In addition to guiding physicians on how to be sensitive to patients’ financial needs, Wendy K. Nickel, MPH, director of the Centers for Quality and Patient Partnership in Healthcare at the ACP, points out that standardizing the process leads to greater shared decision-making between physician and patient. A standardized script can enable physicians to become better educated on the costs of treatments, procedures and medications.
Ganos points out these conversations don’t always have to be solely up to the physician, but should happen within care teams.
She’s seen the importance of engaging other staff members, such as receptionists, who field a lot of cost-related questions, or nurse practitioners and medical assistants. Ganos encourages physicians to work with their staff to put together a list of answers to frequently asked questions in advance of patient visits.
It might also be helpful for physicians who are engaging in a greater number of conversations about cost of care to remember that patients have more cost sensitivity than they used to, says Nickel. “What they’re really interested in is not what the charges for giving certain tests or treatments are, but what they’re going to have to pay out of pocket.” That, she says, is “a very complicated answer to come up with.”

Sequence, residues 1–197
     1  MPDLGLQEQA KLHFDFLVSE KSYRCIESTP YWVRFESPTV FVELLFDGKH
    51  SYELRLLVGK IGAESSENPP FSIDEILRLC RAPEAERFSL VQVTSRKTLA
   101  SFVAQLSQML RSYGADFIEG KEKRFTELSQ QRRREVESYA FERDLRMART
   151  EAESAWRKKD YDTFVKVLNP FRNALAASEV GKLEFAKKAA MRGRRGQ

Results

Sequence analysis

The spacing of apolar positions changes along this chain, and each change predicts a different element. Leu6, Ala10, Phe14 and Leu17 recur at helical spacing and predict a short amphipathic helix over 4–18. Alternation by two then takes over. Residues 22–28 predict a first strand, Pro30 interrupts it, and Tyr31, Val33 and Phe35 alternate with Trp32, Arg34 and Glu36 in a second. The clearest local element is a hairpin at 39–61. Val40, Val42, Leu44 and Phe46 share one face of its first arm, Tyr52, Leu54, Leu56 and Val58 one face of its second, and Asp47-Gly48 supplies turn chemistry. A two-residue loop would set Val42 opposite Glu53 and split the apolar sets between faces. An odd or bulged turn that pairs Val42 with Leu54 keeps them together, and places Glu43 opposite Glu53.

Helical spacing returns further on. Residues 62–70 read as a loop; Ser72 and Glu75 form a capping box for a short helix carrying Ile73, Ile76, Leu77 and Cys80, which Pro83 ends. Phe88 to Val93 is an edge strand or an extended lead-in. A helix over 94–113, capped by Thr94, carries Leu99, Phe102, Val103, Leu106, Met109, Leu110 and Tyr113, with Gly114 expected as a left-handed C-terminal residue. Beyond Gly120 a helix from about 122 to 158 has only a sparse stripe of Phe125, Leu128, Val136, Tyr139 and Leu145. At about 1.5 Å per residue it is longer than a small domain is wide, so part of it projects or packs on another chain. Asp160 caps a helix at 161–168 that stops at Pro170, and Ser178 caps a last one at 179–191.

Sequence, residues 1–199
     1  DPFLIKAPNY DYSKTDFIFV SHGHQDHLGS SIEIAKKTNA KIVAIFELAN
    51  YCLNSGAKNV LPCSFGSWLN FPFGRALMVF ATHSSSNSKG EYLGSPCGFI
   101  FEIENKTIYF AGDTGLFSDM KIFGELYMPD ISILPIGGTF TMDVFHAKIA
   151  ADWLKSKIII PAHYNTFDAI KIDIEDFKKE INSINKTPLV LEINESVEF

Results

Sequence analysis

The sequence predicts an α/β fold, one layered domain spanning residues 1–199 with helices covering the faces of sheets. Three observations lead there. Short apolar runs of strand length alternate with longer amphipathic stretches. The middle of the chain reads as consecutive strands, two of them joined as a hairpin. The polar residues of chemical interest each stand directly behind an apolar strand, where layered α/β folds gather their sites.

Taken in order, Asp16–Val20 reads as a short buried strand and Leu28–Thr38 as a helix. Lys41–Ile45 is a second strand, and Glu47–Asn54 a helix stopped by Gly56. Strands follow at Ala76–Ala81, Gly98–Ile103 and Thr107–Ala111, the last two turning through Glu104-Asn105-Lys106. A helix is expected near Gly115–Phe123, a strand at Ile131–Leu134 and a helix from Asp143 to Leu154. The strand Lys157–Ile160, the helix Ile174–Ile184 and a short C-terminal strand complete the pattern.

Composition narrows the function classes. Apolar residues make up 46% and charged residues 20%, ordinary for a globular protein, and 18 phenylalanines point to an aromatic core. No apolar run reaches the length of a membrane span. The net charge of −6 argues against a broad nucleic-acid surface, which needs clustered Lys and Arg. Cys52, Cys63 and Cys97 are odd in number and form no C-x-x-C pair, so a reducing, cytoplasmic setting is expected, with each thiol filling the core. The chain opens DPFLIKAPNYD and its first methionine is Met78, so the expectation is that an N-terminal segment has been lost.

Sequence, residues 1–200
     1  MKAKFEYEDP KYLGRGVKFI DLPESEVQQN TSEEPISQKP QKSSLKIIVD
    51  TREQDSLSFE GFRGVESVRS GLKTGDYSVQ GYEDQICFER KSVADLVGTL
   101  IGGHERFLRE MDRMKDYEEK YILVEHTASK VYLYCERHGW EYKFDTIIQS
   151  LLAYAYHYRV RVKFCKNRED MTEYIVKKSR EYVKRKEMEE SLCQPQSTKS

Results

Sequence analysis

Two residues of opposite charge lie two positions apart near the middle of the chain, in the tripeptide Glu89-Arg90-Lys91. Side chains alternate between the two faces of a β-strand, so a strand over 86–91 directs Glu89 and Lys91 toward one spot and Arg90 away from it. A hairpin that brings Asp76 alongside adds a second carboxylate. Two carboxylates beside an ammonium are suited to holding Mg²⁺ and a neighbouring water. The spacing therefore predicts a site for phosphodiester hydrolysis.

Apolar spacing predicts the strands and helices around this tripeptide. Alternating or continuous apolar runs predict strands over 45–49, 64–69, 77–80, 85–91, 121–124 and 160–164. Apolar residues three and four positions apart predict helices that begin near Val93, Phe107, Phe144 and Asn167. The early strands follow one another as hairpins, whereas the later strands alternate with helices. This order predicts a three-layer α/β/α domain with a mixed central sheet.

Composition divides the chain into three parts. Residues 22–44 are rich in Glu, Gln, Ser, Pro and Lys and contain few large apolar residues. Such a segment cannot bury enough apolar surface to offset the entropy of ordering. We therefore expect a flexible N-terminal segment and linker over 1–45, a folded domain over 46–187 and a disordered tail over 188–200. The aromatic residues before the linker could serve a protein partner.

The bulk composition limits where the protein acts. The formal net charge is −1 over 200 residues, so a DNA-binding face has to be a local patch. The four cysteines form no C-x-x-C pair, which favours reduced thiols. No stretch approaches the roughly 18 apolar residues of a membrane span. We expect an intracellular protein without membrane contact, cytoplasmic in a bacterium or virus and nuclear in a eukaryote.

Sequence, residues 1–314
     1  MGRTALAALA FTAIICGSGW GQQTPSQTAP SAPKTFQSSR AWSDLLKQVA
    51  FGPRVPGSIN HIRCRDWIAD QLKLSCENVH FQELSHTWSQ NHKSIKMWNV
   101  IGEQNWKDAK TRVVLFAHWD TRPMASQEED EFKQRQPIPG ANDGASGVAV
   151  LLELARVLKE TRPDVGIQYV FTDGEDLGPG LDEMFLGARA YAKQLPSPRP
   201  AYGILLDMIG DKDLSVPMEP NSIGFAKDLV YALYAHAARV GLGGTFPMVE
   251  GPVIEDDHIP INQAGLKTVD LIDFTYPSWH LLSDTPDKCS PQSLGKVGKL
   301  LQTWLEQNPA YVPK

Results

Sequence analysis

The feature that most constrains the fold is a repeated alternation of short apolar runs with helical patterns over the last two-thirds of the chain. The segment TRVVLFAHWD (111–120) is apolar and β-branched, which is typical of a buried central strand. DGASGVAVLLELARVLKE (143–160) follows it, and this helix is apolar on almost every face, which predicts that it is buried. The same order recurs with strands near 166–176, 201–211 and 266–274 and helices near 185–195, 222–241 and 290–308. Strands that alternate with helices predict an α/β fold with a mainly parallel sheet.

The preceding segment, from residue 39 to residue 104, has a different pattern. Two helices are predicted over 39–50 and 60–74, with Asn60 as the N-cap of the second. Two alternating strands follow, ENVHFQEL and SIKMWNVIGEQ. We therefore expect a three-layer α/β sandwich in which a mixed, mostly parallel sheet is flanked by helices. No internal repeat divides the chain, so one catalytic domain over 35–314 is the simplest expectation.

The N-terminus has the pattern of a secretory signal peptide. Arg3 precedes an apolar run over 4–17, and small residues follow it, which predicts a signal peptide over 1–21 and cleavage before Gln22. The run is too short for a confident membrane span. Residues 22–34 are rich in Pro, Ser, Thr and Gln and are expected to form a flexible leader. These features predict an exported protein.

Become a patient advocate
Linda Girgis, MD, a primary care physician in South River, N.J., makes a point of helping her patients find out the costs of tests and medications she prescribes to ensure that they follow through on their treatments.
“The way I look at it, if a patient needs a test, they need a test,” Girgis says. “My medical advice is not going to change, but it’s not helpful to them if they can’t pay to get it.”
She explains to them that they have the right to know price information up front before they get a test or a treatment. “I tell them to shop around, to ask for prices and be sure they know their coverage.” She says her patients feel better knowing she is advocating for them.
Girgis recommends physicians take the time to find some key resources to help patients and have those accessible during visits. She suggests keeping phone numbers on hand, such as those for the local facilities that perform certain tests, as well as those of social workers who can help patients find financial assistance.
Williams sees more pressure on physicians to add more tests and treatments, refer out, and even get unnecessary testing. He hopes physicians can push back against this pressure particularly when a patient is concerned about being able to afford their treatments or medications.